Amazon reportedly working on new devices, including 3D smartphone

10 May 2013

Image via N-trash/Shutterstock

If Amazon does indeed decide to enter the smartphone race – as has long been speculated – it could be with a great deal of aplomb and impressive technology if the latest rumours of a 3D smartphone are to be believed.

The Wall Street Journal claims to have spoken with people in the know about new gadgets in the works from Amazon, including two smartphones and an audio-streaming device.

Both smartphones are said to be packing Qualcomm processors and 4G LTE capability, and one of them is reportedly a high-end device with a 3D display. The 3D effect doesn’t require specialised glasses and can apparently be seen from all angles. It’s also said that users can navigate the device using their eyes, which would involve technology like that employed on Samsung’s latest flagship, the Galaxy S4.

The audio-streaming device described in the report sounds like a Wi-Fi-enabled speaker, but it’s also hinted that this could be tied in with a music subscription service. Amazon has already been rumoured to have a set-top box in development, which would provide another avenue to push its streaming video service (soon-to-be populated with original content).

All of these devices are said to be under development in Amazon’s Lab126 facility in Cupertino, California – a hometown it shares with tech rival Apple. However, the Journal’s sources were sketchy on details of when we will see any of these products come to light.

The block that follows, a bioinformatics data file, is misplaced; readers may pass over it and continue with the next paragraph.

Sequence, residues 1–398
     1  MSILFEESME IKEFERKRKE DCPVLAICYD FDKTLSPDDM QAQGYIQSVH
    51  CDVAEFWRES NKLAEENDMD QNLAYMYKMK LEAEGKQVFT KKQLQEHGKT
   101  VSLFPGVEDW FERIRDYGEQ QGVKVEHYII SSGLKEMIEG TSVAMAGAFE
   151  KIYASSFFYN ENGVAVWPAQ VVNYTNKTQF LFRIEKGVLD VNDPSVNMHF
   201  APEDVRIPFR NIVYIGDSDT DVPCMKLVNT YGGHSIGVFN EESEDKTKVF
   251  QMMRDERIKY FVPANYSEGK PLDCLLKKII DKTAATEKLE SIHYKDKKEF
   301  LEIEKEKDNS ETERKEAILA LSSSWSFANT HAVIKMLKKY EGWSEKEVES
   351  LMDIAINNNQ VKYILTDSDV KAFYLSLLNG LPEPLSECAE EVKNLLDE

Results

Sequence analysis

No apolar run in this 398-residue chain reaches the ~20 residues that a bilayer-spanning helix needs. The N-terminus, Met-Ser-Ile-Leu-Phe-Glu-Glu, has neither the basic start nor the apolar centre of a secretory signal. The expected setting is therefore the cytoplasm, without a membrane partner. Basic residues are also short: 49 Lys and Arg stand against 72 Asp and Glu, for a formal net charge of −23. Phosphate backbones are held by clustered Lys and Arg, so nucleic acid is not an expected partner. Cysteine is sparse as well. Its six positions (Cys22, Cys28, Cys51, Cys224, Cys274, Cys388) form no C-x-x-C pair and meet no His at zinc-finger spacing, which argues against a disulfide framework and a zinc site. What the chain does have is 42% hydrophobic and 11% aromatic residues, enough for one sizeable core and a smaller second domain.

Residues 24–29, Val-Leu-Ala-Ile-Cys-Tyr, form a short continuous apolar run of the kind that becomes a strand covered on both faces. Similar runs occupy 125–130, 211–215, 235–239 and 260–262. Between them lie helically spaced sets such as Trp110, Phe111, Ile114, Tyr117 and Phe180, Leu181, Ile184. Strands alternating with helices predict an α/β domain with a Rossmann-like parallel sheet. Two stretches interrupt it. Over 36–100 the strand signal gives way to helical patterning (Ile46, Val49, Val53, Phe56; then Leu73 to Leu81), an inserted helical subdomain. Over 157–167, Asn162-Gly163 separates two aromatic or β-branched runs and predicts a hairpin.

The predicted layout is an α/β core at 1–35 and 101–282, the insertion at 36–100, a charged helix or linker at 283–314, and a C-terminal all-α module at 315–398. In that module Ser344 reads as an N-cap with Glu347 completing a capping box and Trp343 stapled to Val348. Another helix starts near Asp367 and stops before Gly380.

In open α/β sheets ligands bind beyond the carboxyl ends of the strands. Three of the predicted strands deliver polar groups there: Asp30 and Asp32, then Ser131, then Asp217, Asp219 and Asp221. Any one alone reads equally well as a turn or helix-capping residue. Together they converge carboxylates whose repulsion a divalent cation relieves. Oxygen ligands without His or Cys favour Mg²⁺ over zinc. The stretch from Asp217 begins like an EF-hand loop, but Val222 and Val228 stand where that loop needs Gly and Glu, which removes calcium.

So far, Amazon has been successful in producing mobile devices, but until now has focused on e-readers and tablets under the Kindle brand. Steady performance in tablet sales has seen Amazon hold on to 3.7pc of the market share worldwide, but rumours of a move to manufacturing smartphones have been circulating since last November when it was reported that one was being tested in Asia.

3D smartphone image via N-trash/Shutterstock

Elaine Burke is the host of For Tech’s Sake, a co-production from Silicon Republic and The HeadStuff Podcast Network. She was previously the editor of Silicon Republic.